I read the quote above and put down the New York Times, the gallows humor too profound to ignore. The article by Mark Epstein was quoting a friend whose contemporaries were dying.
Mine are, too. At an alarming rate. My Christmas card list this year showed a disturbing number of deletions.
There’s nothing like a realization about death to make you think about life. It also makes you count your blessings, so herewith a few thoughts on both subjects.
We have seen the days…
The world’s a tougher place than it has been for a while. Poverty, large scale geophysical disasters, countries declaring bankruptcy, a government that seems to have lost its governance skills because of a spiteful determination not to cooperate on governance, but rather to obstruct forward movement and obfuscate truth. A country that is seeming less a land of opportunity and more an oligarchical structure in which the 1% has and controls everything, while the 99% struggle simply to survive. This is the first generation since the Great Depression in which kids graduating college can’t reasonably expect to do better than their parents did.
Weirdly, gratitude has become my bulwark against all this bad news. Maybe it’s just my self-protective rationalizing or maybe it’s the result of a long and peripatetic life. These are serious times for serious reflection and concentrating on what blessings I do have is oddly comforting. Metaphysically, too, that’s an important distinction because the sages say ‘like attracts like,’ and nobody wants to attract less, unless we’re talking poundage. So first thing every day I remind myself of the best news of all – that I’m alive – this great privilege that’s been denied to so many of my friends is a pretty heady gift in and of itself – especially now that I realize I’m in an endangered regiment!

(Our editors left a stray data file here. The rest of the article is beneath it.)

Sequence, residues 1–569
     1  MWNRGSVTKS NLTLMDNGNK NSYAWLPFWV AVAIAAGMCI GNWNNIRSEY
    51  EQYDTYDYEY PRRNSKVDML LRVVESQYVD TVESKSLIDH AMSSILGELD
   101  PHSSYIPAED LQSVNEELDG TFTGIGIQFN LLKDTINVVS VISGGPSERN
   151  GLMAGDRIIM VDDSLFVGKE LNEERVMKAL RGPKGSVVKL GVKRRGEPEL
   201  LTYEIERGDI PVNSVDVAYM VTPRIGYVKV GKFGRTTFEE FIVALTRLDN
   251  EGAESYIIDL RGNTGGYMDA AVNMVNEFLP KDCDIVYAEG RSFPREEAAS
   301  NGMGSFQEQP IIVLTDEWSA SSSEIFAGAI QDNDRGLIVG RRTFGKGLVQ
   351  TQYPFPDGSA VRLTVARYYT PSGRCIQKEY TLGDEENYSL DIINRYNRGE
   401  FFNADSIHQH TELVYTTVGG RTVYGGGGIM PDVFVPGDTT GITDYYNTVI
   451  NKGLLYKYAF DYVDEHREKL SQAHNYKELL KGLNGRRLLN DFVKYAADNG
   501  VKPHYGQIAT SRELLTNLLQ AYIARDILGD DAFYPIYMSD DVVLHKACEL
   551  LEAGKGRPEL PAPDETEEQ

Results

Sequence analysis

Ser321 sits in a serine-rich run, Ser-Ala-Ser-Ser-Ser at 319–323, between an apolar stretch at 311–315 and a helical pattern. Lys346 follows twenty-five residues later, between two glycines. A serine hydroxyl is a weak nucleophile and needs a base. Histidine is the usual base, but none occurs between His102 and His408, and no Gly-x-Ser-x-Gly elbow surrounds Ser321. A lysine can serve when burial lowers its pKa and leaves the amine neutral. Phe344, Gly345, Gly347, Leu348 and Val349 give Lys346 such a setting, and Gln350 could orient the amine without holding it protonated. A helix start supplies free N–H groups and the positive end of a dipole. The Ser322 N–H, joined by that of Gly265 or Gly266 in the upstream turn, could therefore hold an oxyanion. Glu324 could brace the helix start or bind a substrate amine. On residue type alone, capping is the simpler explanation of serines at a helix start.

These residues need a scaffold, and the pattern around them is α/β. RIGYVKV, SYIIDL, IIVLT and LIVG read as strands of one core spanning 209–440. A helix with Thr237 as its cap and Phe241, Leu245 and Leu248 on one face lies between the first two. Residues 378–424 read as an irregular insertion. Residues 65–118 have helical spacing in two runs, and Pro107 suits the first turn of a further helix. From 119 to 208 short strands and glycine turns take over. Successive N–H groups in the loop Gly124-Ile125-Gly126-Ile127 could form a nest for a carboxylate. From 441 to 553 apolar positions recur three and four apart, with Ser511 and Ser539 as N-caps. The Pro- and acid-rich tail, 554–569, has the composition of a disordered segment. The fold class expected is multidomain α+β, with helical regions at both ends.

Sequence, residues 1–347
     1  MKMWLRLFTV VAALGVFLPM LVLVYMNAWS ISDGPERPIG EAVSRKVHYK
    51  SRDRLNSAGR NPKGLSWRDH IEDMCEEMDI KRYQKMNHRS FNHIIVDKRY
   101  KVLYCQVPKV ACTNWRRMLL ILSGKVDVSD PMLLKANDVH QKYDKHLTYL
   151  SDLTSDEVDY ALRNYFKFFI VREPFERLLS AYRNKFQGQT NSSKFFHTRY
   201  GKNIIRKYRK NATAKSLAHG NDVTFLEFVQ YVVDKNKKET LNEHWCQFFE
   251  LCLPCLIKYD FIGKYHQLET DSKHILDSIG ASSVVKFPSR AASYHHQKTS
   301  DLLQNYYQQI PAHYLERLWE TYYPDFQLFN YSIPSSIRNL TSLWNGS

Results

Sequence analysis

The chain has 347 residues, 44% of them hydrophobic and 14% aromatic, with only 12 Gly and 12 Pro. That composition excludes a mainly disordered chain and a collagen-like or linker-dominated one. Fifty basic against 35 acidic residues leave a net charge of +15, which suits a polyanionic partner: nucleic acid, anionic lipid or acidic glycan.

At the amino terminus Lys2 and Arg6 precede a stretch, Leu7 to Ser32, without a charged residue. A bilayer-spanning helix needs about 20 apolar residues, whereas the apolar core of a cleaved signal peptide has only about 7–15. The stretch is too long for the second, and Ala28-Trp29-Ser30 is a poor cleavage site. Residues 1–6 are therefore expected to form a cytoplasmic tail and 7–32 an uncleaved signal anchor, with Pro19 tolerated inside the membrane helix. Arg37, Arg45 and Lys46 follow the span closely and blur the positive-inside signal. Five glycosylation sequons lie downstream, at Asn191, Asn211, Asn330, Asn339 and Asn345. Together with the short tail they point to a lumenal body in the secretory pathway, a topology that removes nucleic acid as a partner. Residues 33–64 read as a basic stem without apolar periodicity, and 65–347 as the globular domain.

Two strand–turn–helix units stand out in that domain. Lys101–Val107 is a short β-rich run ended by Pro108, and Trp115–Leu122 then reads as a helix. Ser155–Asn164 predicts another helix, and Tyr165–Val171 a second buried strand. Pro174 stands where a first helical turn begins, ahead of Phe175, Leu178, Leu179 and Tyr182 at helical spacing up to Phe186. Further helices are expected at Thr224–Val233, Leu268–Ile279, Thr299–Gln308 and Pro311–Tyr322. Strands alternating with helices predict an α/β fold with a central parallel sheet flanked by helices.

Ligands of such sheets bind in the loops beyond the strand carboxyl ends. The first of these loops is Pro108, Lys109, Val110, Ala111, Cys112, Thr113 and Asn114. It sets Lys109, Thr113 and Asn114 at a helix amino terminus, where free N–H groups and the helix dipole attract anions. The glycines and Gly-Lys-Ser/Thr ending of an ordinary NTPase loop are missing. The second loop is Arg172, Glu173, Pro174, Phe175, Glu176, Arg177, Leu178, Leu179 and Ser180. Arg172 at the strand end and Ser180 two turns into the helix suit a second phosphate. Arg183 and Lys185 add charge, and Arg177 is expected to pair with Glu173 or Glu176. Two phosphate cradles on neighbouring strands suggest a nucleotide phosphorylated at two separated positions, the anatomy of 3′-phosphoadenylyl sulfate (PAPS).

I lie in bed and make my thank you list for God/Goddess/Universe (whoever’s listening in The Great Beyond) and generally it’s enough to launch me into the day feeling at least somewhat ahead of the game. I confess I’m better at this list of things to be grateful for on some days more than others. I still maintain my Irish belief that the purest sign of faith in God is a willingness to tell Him what He could be doing better in this world. Yes, I know that’s cheeky, but I believe any God worth praying to would appreciate honesty more than obsequiousness.
These days I frequently tell Him to take a look at politics.
The State of the Nation
We’ve been blessed as a nation for a lot of years. Our freedoms, our way of life, our comforts easy to take for granted. There was a rhythm to it for the most part and a promise: Work hard, do your best, live a decent life and you’ll prosper and your children will have a shot at prospering even more. But that’s just not necessarily true anymore. Times are tough and for the first time in my lifetime even the activists among us are stymied about how to make it all better. So we stay alert, look for opportunities to better the small things in our immediate circle of life as best we can, because the big things seem to have come undone in too big a way and to have been corrupted by forces so powerful, both visible and invisible, that the task seems insurmountable.
Can We Fix Anything?
So what do we do to fix what’s broken, we keep asking each other? Is it even possible any more, when we are curtailed by economics and surveilled by both government agencies and marketers every nanosecond of our lives?